PARIS — Swiss watch exports plunged 7.9 percent in September on the back of weakness in Asia, which accounts for more than 50 percent of total exports in terms of value.
Exports of Swiss timepieces totaled 1.8 billion Swiss francs, or $1.85 billion at average exchange rate for the period, according to the Federation of the Swiss Watch Industry.
Hong Kong showed no signs of improvement, falling 18.2 percent, while China posted a 13 percent decline. “Singapore, the United Arab Emirates, South Korea and Taiwan also recorded steep declines,” the federation said, adding that the United States, down 17.6 percent, logged “its worst monthly downturn in five years.”
“This negative change has spread to other, hitherto more robust Asian markets, and casts something of a shadow over prospects for the year 2015,” the federation acknowledged.
According to RBC Capital Markets analyst Rogerio Fujimori, Singapore and South Korea contracted by as much as 15 percent and 35 percent respectively, though “a key change versus 2015 year-to-date is the significant contraction in North America, likely driven by financial market volatility.” In a research note, he characterized the difficult trading conditions in North America as “an incremental negative in our view.”
Europe, which grew for the tenth consecutive month, could not offset the poor results in other markets.
Japan grew moderately, up 3.6 percent compared to September 2014.
By category, the downturn affected mostly steel timepieces, which dropped 17 percent in volume terms, while those in precious metals slipped 12.7 percent. Although bi-metallic watches reported an upturn of 28.3 percent in the gold-steel category, they had practically no impact on the results.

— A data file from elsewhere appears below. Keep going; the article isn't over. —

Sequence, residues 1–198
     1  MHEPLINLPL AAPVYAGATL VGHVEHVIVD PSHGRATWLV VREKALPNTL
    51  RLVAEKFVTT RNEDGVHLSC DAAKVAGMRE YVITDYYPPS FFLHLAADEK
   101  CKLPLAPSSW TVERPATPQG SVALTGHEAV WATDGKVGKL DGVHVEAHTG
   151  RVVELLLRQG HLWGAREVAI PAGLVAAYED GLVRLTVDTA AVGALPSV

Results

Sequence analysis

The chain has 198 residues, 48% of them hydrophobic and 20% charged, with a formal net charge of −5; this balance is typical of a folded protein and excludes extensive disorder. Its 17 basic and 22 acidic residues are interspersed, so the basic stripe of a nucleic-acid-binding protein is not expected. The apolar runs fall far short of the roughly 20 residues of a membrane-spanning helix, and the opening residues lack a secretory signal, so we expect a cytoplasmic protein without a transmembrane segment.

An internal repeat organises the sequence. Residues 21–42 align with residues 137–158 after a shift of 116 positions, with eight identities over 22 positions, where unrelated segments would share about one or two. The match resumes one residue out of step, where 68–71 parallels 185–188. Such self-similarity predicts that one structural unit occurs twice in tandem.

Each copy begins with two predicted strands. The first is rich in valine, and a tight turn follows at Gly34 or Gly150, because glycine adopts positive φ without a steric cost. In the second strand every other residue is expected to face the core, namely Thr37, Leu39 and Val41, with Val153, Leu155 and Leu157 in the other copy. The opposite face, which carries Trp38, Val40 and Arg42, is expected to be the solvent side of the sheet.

All price segments logged declines in September. Most affected were timepieces priced between 200 francs, or $209 at current exchange, and 500 francs, or $532. They fell 18.3 percent in volume.
“Given September represents the sixth consecutive month of decline for Swiss watch exports suggests very little positive takeaways,” said Fujimori, calling the September results disappointing. “Today’s Swiss watch data points are unlikely to support either Richemont or Swatch in the short-term in our view,” he added.
Citi’s Thomas Chauvet noted that the September results were in line with broader industry trends.
“The September data is not a complete surprise given the broad-based miss in third-quarter luxury sales [this year], marked by deteriorating trends in Asia, excluding Japan, and the U.S., two important watch markets,” he said. “We remain concerned about continued disruption in the Swiss watch industry’s largest market Hong Kong, adverse China-related news flow, [including] poor economic indicators, yuan devaluation and Shanghai stock market correction, the recent industry slowdown in the U.S., potential impact of a lower oil price on Russian and Middle Eastern demand and the Swiss franc’s strength.”
He noted these trends are “partly offset by solid growth in most European markets, reflecting parallel markets and tourist demand on a weak euro, and in Japan, [driven by] local demand and Chinese tourism.”
A positive in the long-term is also the 2013 agreement between the Swiss Competition Commission and Swatch Group regarding the organization of future supply, according to Citi.
“From 2020 onwards, Swatch will be free to decide whom and how much to sell movements to, [making it possible] to better utilize its manufacturing capacity for the benefit of its own brands, in particular when demand recovers,” Chauvet said.
“These changes should also continue to encourage large watch players such as Richemont and LVMH to further invest in in-house manufacturing. Smaller players in the industry could face greater pressure if they are unable to deploy enough capital to build the necessary industrial base, potentially leading to tactical industry consolidation,” he observed.
The 2013 free trade agreement between China and Switzerland, meanwhile, which foresees import duties for 90 percent of Swiss watches imported by China to fall between 4.4 percent and 5 percent over the next 5 to 10 years, is expected to have “marginally positive implications…depending on whether the brands will pass on these lower duties to the end-consumer,” Chauvet noted, suggesting that this would also be “limited to some repatriation of tourist demand into the domestic Chinese market.”
“Europe, Hong Kong and Macau are likely to remain Chinese consumers’ preferred places of purchase for Swiss watches, in our view, due to a significant pricing differential with Mainland China, even after the cut in Chinese duties. We also believe that there are risks of an increase in sales tax and VAT on Swiss watches and luxury goods,” he noted.